Hizbullah typically did not seek to lure the Israel Defense Forces into urban areas, and transform these into ambushes with the use of swarming tactics in which attackers would mass, strike, and dissipate. Such an approach would have been a poor use of Hizbullah's relatively small number of relatively well-trained fighters, its intimate familiarity with the terrain, and its access to long-range precision-guided weapons (Anti-Tank Guided Missiles). Instead, the majority of kills against the IDF were in hilly and broken but relatively open terrain, in which ATGMs could be fired from prepared and concealed positions into often pre-established kill-zones, sometimes in conjunction with IED attacks, closer-range RPG ambushes, or covering fire from small arms or even the odd mortar or two. In this sense, battles were often surprisingly scripted in their operational design, even if decentralized at a tactical level.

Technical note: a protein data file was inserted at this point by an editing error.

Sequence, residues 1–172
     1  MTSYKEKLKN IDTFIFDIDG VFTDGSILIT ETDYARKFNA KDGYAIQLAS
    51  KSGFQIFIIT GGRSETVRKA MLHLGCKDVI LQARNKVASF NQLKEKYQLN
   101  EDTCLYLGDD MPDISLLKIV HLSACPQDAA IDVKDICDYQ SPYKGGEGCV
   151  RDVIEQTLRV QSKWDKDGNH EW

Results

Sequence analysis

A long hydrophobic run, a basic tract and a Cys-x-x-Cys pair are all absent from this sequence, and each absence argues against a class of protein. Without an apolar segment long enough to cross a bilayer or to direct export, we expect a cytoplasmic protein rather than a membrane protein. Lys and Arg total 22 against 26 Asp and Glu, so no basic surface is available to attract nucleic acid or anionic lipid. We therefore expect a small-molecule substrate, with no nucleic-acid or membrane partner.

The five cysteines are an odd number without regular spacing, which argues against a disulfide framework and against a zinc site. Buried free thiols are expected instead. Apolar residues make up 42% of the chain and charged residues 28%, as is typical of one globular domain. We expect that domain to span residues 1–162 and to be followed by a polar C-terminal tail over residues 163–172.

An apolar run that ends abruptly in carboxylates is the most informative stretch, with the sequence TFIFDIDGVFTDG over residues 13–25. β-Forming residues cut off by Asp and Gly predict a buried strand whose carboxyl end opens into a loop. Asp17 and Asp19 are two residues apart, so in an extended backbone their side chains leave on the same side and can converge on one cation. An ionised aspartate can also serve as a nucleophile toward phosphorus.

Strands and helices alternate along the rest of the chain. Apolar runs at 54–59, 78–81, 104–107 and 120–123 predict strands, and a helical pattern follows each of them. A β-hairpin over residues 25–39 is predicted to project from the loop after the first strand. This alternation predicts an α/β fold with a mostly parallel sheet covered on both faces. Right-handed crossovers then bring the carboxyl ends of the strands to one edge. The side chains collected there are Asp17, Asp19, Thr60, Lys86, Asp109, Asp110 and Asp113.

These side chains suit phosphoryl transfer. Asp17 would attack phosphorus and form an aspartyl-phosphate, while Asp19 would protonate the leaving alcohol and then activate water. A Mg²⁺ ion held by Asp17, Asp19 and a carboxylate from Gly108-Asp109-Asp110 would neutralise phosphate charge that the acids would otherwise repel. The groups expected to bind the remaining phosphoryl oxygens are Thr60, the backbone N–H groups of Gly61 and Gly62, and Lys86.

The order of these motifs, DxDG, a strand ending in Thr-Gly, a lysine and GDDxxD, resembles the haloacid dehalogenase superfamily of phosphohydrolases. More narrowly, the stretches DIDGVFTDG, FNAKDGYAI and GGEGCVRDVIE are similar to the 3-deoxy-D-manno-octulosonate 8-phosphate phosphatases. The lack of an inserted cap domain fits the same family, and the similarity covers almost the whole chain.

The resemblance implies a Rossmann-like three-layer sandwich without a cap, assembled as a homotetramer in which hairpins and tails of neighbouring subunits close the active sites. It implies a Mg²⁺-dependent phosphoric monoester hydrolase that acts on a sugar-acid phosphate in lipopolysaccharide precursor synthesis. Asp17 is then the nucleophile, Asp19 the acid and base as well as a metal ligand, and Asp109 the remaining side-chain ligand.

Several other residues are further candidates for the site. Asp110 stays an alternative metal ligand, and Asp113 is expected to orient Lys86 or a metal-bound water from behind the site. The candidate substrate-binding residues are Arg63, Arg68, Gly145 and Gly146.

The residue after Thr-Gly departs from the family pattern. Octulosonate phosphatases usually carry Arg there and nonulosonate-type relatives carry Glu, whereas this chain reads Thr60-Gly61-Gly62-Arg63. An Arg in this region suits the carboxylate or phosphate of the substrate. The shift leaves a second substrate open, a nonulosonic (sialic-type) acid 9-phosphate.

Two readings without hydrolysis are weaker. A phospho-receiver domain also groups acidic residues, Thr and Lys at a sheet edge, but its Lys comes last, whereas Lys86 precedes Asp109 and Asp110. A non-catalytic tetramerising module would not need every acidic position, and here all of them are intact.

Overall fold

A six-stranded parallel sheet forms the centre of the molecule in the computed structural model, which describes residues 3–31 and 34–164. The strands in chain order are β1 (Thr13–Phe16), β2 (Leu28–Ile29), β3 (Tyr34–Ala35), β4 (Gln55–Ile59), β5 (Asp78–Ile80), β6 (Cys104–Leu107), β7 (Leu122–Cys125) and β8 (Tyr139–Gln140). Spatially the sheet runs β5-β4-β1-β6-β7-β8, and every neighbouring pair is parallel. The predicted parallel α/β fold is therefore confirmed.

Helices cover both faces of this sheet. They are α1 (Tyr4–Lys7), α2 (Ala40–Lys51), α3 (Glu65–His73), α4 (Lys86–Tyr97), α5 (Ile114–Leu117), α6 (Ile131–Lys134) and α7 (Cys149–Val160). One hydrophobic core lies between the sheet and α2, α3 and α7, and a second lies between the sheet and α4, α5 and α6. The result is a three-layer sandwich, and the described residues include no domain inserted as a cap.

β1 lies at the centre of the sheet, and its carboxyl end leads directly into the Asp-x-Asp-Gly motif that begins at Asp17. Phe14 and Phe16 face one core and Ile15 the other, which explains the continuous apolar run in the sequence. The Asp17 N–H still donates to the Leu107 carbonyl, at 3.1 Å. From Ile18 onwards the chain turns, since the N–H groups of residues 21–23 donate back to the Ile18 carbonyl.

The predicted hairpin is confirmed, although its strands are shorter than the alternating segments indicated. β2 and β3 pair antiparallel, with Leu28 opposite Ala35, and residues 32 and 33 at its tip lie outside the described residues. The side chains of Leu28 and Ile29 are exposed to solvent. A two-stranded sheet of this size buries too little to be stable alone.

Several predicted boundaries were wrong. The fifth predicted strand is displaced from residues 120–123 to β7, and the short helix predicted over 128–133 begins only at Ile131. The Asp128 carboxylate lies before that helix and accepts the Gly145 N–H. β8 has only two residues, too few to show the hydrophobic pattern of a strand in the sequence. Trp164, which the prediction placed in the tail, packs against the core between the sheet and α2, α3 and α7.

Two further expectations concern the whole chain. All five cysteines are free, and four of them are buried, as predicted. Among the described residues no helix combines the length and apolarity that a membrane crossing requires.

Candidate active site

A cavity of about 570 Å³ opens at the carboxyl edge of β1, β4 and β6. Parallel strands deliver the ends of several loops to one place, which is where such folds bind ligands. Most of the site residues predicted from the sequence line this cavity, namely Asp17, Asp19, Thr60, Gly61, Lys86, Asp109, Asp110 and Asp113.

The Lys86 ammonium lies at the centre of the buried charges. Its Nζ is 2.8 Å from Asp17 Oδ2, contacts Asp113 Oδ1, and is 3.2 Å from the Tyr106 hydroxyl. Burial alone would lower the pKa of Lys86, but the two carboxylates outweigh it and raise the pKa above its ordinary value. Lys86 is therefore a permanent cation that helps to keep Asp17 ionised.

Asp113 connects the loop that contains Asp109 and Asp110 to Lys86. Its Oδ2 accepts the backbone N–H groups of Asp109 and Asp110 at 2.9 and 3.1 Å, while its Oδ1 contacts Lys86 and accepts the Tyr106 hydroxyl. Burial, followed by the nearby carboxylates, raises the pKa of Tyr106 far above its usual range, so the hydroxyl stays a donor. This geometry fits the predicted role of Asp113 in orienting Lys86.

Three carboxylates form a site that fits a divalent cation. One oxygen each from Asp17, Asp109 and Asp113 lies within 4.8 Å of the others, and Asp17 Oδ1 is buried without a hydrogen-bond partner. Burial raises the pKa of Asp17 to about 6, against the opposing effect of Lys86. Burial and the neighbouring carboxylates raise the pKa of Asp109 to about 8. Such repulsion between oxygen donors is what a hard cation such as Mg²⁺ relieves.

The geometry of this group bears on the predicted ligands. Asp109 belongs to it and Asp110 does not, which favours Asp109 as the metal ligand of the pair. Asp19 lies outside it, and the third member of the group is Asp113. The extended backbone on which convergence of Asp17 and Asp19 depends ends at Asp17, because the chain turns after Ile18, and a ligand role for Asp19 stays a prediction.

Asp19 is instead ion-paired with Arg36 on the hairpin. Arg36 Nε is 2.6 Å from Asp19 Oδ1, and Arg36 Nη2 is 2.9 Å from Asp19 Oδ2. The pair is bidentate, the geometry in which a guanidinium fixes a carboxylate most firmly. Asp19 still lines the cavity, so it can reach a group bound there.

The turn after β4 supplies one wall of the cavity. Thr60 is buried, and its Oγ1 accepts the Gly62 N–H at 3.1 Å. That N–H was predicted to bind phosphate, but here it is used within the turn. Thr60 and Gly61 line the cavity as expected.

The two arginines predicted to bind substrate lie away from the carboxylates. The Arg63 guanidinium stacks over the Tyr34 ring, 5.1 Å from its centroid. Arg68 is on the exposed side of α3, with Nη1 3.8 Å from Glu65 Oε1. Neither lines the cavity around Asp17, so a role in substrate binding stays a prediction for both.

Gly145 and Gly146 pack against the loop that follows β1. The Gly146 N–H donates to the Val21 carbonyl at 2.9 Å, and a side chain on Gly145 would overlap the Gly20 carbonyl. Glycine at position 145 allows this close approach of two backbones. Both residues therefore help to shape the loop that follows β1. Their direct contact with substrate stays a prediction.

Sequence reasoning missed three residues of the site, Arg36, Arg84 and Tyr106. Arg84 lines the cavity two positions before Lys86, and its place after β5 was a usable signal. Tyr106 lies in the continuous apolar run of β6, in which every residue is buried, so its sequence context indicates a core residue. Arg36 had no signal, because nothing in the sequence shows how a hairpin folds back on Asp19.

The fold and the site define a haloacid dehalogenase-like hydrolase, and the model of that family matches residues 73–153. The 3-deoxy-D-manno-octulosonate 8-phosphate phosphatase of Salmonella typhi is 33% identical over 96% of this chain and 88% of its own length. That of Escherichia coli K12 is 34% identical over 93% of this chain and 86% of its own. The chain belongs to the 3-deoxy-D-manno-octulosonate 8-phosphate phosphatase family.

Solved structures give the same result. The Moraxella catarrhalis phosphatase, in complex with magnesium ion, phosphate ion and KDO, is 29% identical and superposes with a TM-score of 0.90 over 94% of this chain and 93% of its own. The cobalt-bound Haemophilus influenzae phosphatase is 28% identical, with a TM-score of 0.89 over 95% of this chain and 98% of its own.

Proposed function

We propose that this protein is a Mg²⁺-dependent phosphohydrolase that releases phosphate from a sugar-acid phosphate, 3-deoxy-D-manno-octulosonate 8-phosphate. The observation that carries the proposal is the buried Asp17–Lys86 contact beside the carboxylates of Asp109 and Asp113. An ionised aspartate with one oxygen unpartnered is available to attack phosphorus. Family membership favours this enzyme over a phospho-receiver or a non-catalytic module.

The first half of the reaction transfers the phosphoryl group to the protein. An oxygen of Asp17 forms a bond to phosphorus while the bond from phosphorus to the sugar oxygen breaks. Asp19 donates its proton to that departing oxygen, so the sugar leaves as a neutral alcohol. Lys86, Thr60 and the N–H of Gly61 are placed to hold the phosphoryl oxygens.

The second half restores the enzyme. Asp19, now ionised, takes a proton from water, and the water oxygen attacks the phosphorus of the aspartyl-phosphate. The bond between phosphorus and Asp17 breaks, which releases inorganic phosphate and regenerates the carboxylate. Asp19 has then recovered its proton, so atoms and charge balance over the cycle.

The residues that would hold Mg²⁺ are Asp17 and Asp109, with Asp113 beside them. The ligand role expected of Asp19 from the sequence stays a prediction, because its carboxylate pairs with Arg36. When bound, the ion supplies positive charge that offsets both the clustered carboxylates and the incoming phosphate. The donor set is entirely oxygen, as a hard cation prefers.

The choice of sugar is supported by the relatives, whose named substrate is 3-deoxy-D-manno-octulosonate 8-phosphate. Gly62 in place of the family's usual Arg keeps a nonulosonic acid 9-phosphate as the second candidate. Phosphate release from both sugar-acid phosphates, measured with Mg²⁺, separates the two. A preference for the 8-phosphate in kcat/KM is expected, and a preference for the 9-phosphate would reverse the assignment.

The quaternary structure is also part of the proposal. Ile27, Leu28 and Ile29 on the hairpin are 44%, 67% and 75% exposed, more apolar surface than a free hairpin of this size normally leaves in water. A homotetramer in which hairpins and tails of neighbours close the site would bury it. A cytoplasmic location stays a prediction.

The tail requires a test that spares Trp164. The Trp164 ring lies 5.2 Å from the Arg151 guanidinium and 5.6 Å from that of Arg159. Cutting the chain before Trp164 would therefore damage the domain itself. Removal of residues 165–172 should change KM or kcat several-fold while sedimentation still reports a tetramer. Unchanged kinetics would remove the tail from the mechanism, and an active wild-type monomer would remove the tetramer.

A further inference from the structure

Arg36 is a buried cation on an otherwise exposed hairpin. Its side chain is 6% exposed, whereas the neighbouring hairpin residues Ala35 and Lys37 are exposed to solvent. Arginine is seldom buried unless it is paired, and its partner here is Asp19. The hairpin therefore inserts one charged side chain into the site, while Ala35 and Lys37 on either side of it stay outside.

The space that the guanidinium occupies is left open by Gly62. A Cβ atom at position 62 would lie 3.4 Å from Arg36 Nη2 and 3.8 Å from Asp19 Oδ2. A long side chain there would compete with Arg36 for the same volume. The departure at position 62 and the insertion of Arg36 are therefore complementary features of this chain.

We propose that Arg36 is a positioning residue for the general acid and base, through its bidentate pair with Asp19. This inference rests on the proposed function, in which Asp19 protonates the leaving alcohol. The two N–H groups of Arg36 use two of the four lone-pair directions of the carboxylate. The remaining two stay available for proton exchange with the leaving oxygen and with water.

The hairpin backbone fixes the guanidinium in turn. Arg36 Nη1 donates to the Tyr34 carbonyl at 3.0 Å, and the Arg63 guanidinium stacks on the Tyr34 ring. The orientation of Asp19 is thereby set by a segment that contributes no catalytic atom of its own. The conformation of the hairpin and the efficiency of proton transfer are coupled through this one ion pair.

Certainly, IDF intelligence collection was degraded by placing some assets (weapons caches, prepared defensive positions, some Multiple Rocket Launchers) in urban areas to confound electronic sensors . Such placements also complicated targeting, both physically and politically. However, many (and possibly most) key Hizbullah assets were deployed outside build-up areas, both because they provided broader fields of fire and observation, and because the need for operational security (such sites being easier to protect and secure against Israeli HUMINT collection). Thus, an awful lot was simply concealed in rural areas with traditional CCD (camouflage/concealment/deception) techniques - techniques that differed little from those used in the World Wars. In some ways what was new about this was how very old it was.